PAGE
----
Discourse and personal relevance. The keyword here is relevant; relevant communicative settings. A study by Holland and colleagues (2010) suggests that treatment should emphasize topics that are very personally relevant to the individual. According to them, persons with aphasia derive meaning from sharing personal stories. There is a preference for sharing a stroke story or a memorable experience as they engage in conversation. They may want to converse with their family more, especially grandchildren, or to seek and provide information, or to discuss interests. Later on, we will be discussing both narrative and conversational discourse.
Narrative Discourse and Aphasia Rehabilitation
What are narratives? Simply put, narratives are stories. The stories have a beginning, a middle, and an end (Figure 1).
Figure 1. Components of a narrative.
But in addition to the simple narrative structure, we also have an evaluation. We evaluate; i.e., we provide attitudes or opinions pertaining to what we experienced.
The main components of narratives are that they have main character, following a chronological sequence of events, and they evaluate via emotions and judgments.
Why Study Narratives?
Why study narratives in aphasia? Narrative stories play a central role in almost every conversation. They are also ecologically salient, meaning that they are necessary communications that sustain day-to-day interactions. They also have multiple functions. We produce stories to share and evaluate our life experiences. We also use them for reminiscing. The elderly use stories to transmit wisdom. We also use narratives to tap autobiographical memories in various memory systems. There are more and more studies that show how, among the elderly, auditory and visual memories are relatively preserved when the elderly talk about meaningful personal experiences. Say, for example, an older person is talking about a memorable vacation. What she may retain are the sights and sounds, or the music that was related to that vacation.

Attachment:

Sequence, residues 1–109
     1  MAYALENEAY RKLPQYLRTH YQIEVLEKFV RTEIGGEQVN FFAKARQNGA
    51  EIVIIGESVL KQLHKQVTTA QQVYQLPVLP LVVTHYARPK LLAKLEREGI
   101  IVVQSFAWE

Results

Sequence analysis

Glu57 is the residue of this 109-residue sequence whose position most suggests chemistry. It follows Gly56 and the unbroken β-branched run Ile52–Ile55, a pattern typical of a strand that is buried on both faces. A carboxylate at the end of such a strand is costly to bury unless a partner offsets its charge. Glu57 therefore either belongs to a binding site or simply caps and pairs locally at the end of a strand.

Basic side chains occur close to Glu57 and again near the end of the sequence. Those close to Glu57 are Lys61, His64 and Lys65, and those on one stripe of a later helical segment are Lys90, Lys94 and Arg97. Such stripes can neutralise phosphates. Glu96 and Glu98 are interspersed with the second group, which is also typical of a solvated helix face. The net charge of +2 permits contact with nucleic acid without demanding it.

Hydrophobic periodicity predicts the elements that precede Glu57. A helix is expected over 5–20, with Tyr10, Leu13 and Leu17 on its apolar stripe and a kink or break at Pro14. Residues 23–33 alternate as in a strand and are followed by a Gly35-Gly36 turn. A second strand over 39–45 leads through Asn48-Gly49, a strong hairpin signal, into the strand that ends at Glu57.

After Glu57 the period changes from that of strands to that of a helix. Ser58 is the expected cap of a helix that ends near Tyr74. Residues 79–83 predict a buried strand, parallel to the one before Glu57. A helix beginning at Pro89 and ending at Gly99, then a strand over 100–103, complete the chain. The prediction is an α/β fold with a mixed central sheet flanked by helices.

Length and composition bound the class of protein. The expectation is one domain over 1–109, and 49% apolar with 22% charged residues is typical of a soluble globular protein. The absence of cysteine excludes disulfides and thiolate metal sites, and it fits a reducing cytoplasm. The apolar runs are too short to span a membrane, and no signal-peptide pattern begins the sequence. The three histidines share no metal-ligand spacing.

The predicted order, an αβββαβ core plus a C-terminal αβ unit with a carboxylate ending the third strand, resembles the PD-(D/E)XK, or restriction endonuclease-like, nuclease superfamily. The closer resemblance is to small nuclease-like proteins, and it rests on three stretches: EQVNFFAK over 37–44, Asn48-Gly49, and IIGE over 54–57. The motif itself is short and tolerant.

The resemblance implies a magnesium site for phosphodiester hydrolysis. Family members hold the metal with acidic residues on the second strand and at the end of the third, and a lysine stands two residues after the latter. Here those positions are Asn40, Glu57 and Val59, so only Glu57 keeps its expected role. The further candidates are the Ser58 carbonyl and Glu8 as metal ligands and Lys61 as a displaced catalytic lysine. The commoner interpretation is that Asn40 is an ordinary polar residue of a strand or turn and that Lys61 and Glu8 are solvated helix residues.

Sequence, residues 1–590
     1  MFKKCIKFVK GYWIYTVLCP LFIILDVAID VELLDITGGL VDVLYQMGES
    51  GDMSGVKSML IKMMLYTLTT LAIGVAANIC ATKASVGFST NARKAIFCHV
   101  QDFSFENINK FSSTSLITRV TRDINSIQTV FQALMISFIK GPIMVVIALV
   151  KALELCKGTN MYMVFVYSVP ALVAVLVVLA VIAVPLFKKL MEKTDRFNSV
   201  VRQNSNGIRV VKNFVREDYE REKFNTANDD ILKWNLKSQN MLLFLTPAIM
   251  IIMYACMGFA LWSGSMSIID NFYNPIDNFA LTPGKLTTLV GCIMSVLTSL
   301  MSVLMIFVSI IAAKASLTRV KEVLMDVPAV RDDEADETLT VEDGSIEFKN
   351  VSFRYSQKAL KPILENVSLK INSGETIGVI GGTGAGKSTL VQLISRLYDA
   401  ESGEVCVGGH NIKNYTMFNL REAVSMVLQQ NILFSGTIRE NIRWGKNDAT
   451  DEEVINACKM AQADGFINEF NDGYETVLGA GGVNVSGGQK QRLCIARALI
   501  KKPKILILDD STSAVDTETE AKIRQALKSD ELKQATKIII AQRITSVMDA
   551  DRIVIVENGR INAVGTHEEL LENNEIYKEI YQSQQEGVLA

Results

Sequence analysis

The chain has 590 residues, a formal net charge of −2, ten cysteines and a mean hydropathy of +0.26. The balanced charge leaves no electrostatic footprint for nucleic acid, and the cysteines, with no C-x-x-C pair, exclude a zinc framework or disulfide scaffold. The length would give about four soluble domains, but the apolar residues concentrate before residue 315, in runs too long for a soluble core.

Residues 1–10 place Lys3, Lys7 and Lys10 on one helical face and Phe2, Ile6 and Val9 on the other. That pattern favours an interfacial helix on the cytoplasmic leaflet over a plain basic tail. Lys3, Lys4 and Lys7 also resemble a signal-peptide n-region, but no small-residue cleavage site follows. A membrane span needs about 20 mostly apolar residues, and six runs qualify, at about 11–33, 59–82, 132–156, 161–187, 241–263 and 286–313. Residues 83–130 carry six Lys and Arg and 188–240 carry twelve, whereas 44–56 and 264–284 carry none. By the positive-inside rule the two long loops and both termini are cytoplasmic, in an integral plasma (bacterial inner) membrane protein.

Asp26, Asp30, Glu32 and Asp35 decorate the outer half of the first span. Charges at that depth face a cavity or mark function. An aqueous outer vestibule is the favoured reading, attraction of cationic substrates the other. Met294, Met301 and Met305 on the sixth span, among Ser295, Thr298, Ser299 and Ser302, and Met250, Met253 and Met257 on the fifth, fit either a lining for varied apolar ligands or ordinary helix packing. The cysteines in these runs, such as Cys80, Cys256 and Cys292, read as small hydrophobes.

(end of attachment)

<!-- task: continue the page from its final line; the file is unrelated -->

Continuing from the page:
Another reason why we study narratives is that it is a means of studying communicative competence -- the ability to successfully get the message across via words, gestures, or writing. Narratives enable clinicians to appreciate cultural patterns and individual variations in communication. In a study that my colleagues and I (2016) did on stroke, stories, and bilingual aphasia, we discovered certain themes that were unique to the culture, such as whether a person comes from a collectivistic - or family-oriented – culture or an individualistic culture, the role of the family in making decisions, and even the patterns of code switching in bilingual aphasia.
Narratives also allow the clinician to see the person and not just the diagnosis. When persons with aphasia are given the opportunity to reflect on and express their identity, we see who they are and their perspectives on life events.
So, how do we elicit these narratives? Tasks and activities must represent daily communication contexts that are naturalistic or realistic. We can ask them what their favorite topics are, pastimes, or significant milestones in life. We can also tap into experiences in a patient's memory peak or memory bump – typically, memories from late adolescence into early adulthood, such as a first job or the first child or the first marriage - which tend to be preserved. Rubin, a psychologist who specialized in memory, conducted several studies that document how the elderly tend to remember events in the memory peak.